Just make a checkin message and send it the night before they arrive :slight_smile:


#11

I use a Kwikset and it takes just a few seconds to change the code. I use the last four digits of the guests’ phone number as a rule but you could use an online number generator to create random numbers. Or change the code every month - a January code, a February code etc. That’s not quite as secure as changing it for every guest but it’s more secure that leaving the same one permanently.

If I have to chose a four digit code I tend to choose a two digit number and repeat it (4242, 9898, 7373 or whatever) because I can remember two numbers easier than four :slight_smile:


#12

Which Kwikset do you have? Is it the screw-on back kind or a smart lock where you are changing it remotely?


#13

To be honest I’ll have to check when both rentals have no guests present. But they are both a couple of years old, so they’re certainly not the latest models. I can’t change it remotely. (This facility isn’t necessary for me as I’m on the spot).


#14

If it is in the budget, it is a huge time saver to have a keypad that connects to a hub. Such as schlage zwave. I can change the code on my phone, and delete old codes.

When I had my previous keypad, I may use the same code for out of town guests. If the guest is from across the country, I figured less chance they come back to steal things given there are 2000 miles away.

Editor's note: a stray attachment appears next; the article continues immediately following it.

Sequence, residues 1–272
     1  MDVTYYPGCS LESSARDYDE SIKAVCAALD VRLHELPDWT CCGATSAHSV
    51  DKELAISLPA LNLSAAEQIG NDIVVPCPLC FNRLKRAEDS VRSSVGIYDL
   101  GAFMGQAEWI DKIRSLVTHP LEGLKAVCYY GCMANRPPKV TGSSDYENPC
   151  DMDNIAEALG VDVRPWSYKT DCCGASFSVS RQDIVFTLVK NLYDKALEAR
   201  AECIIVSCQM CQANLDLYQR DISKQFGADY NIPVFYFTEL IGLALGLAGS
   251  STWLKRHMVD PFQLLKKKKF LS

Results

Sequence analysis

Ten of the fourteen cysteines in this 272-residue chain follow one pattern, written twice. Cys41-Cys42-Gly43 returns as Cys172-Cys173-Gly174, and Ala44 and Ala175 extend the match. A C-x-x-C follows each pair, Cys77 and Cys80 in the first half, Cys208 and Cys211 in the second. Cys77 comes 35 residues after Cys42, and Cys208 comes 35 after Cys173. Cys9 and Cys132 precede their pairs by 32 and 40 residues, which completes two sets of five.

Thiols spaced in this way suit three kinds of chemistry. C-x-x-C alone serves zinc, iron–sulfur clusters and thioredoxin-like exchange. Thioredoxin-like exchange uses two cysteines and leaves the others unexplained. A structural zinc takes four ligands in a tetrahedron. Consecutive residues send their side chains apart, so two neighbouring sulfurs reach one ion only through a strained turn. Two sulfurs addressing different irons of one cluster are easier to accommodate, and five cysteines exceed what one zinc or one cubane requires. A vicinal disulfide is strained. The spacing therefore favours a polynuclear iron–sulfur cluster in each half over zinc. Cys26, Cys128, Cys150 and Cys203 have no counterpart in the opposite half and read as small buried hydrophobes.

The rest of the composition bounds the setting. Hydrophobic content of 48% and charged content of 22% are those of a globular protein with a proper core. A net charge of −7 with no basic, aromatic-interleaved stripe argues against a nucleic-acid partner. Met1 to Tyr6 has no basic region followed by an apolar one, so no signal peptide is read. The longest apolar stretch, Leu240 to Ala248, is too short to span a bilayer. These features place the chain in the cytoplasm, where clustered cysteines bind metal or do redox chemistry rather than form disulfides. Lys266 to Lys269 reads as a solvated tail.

#15

As a guest, I would be very uncomfortable knowing that any guests who had previously stayed there (or anyone who may have somehow gotten the code from a guest) could let themselves in while I was there.

I have each guest select their own 4 digit code before arrival. I activate the code at check-in time, then deactivate it at check-out time.


#16

Good point. So you ask each host what their code protocol is before booking? And you must only book places without keys for fear that a previous guest would have made a copy of the key?

I don’t always change the code but the room has a wrought iron security door that can be locked behind you once you were inside the room. Would that allay any concerns you had?


#17

Yes, a secondary locking system would make me feel safer while inside.

No, I don’t ask each host questions before booking, but I may inquire about it at some point in the check-in, so I know. I have a portable door alarm I can use if I’m feeling uncomfortable, but I much prefer feeling comfortable from the beginning. I’m just more at ease when a host makes it a priority to let me know that I am receiving a code that is unique to me. My guests appreciate this courtesy as well.


#18

Thanks for all the feedback. Great points to consider.

The house does have a slide lock on the front door, so there is an additional way to secure the house when you’re in it. But I did go and reprogram a bunch of new codes, which I guess I will have to do every so often and give each guest a unique code. I’m definitely going to look into smart locks, as much as I dislike them…


#19

Hubby and I have a Schlage lock on the AirBnB, and we used to have just a few codes that we rotated. Now, we change them before each and every guest, using a random number generator online. We got taught a lesson by a ditzy guest whom we sent her code, and she showed up the day before her booking, while the place was rented but unoccupied, went into the apartment, and was sitting in there messaging us, “Why is there luggage in here?” We dodged a bullet. Could have been so bad!


#20

I don’t send the code until the day of check in, usually just before check in time for just this reason.